Boston Pizza restaurants can usually be identified by their trademark signage and striking facades.
Not so Store 850.
It operates out of a quiet Red Deer strip mall, with nothing on display that might suggest there are cooks inside tending pizza ovens. The door is even locked to customers.
Yet business at the 4828 53rd St. Boston Pizza outlet is booming, said Richard Carramusa. He and his Edmonton-based partners Barry and Rick Arndt own it, along with the BP restaurants on Red Deer’s North and South Hills.
“It’s been absolutely one of the smartest things we’ve ever done,” said Carramusa of the downtown pizzeria — which differs from its sister stores in one fundamental respect.
“It’s a production facility,” he explained. “It’s exactly like a Boston Pizza kitchen is anywhere else, except there are no tables.”
The shop focuses only on orders for delivery — a big part of Boston Pizza’s local business that used to be the responsibility of its sit-down restaurants.
“We couldn’t physically cook the food fast enough,” said Carramusa, describing how the three-oven kitchens in the two restaurants had to keep pace with the needs of their dining rooms, sports lounges, and take-out and delivery customers.
During busy periods, that boosted the stress levels of kitchen staff and servers. Even managers had to devote time to getting deliveries out the door, said Carramusa.
“They should be out talking to the customers and running the floor, making sure the staff and the customers are OK, but they were trapped behind the counter packing up orders.”
After pondering the options of expanding their kitchens and even opening a third restaurant in Red Deer, Carramusa and his partners decided to set up a delivery-only kitchen.
Boston Pizza’s corporate head office was supportive but skeptical. It asked the Red Deer franchisees to pilot the concept quietly, said Carramusa, and the 1,440-square-foot kitchen, which opened on Feb. 16, 2012, became known as the Batcave.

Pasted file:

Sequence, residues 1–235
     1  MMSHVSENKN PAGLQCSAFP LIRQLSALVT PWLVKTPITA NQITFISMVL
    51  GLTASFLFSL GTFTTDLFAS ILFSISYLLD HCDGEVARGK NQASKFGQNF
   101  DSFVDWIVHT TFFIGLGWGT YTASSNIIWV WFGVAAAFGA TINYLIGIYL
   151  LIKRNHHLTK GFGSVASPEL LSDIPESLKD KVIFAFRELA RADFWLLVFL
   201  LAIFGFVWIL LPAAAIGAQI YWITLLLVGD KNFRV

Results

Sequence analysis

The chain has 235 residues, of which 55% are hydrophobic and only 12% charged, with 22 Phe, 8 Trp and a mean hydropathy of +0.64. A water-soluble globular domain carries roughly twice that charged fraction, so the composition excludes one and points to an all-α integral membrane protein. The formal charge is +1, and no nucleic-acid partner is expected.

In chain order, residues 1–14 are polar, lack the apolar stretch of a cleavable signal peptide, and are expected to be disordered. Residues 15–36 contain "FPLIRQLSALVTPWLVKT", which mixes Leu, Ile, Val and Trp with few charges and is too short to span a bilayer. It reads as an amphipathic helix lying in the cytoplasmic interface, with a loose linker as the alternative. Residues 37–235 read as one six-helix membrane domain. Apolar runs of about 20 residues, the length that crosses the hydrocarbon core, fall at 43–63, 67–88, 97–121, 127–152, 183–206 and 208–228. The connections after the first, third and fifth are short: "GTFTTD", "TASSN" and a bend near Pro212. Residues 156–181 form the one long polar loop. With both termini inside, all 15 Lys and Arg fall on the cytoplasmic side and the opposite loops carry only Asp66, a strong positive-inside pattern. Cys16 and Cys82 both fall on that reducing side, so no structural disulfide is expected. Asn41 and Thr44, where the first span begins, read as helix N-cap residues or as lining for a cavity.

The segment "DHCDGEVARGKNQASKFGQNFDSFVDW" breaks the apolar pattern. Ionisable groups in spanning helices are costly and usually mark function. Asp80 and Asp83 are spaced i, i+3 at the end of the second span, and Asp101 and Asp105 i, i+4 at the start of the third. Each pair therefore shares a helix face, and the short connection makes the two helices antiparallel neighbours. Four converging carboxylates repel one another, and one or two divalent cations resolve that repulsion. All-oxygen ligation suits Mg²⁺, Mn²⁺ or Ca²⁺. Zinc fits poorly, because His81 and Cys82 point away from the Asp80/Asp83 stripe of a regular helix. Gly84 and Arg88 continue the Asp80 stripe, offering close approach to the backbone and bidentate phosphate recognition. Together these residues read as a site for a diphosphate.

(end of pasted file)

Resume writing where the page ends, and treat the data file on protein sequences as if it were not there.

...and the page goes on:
“That was just an internal moniker we used.”
Subsequent identifiers have included the Remote Kitchen, the Hub, DELCO (Delivery Comp.) and REMKO (Remote Kitchen Operations), with the last of these now the most commonly used.
With two pizza ovens and space for a third, as well as coolers, freezers, deep-fryers and pasta cookers, REMKO can produce virtually anything BP restaurants can. Its central location allows food to be delivered anywhere in the city in about a dozen minutes, said Carramusa, and orders are processed through Boston Pizza’s call centre in Edmonton.
That produces benefits itself, he said, describing how call centre staff can spend more time chatting with customers about their orders and options — including new menu items and specials.
“Almost overnight our average guest cheque went up about 30 per cent,” said Carramusa.
Other REMKO advantages include improved opportunities for training and directing staff to where they’re needed most. It’s also helped improve the dining experience of Boston Pizza customers, whether they’re eating in a restaurant or at home.
“We’ve become just naturally more efficient by taking out that portion of our volume,” said Carramusa.
Corporate Boston Pizza has embraced the REMKO concept, even creating an 800-series of store numbers with which to identify remote kitchen operations. Franchisees elsewhere are investigating the idea, and Carramusa expects others to follow Red Deer’s lead.
“Fort McMurray will probably be the second.”